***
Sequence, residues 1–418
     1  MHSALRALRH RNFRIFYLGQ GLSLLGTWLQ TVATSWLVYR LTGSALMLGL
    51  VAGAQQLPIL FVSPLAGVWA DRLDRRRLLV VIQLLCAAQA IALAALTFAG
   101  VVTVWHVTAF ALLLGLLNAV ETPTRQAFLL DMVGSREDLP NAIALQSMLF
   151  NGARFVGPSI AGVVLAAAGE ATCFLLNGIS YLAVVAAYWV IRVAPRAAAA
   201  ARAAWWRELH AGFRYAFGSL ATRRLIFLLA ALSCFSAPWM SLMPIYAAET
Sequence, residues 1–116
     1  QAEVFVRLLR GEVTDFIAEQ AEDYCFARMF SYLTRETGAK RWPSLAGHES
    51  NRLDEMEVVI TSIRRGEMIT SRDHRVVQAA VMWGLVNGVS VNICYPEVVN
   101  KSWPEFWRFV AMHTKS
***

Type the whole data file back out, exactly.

Sequence, residues 1–418
     1  MHSALRALRH RNFRIFYLGQ GLSLLGTWLQ TVATSWLVYR LTGSALMLGL
    51  VAGAQQLPIL FVSPLAGVWA DRLDRRRLLV VIQLLCAAQA IALAALTFAG
   101  VVTVWHVTAF ALLLGLLNAV ETPTRQAFLL DMVGSREDLP NAIALQSMLF
   151  NGARFVGPSI AGVVLAAAGE ATCFLLNGIS YLAVVAAYWV IRVAPRAAAA
   201  ARAAWWRELH AGFRYAFGSL ATRRLIFLLA ALSCFSAPWM SLMPIYAAET
Sequence, residues 1–116
     1  QAEVFVRLLR GEVTDFIAEQ AEDYCFARMF SYLTRETGAK RWPSLAGHES
    51  NRLDEMEVVI TSIRRGEMIT SRDHRVVQAA VMWGLVNGVS VNICYPEVVN
   101  KSWPEFWRFV AMHTKS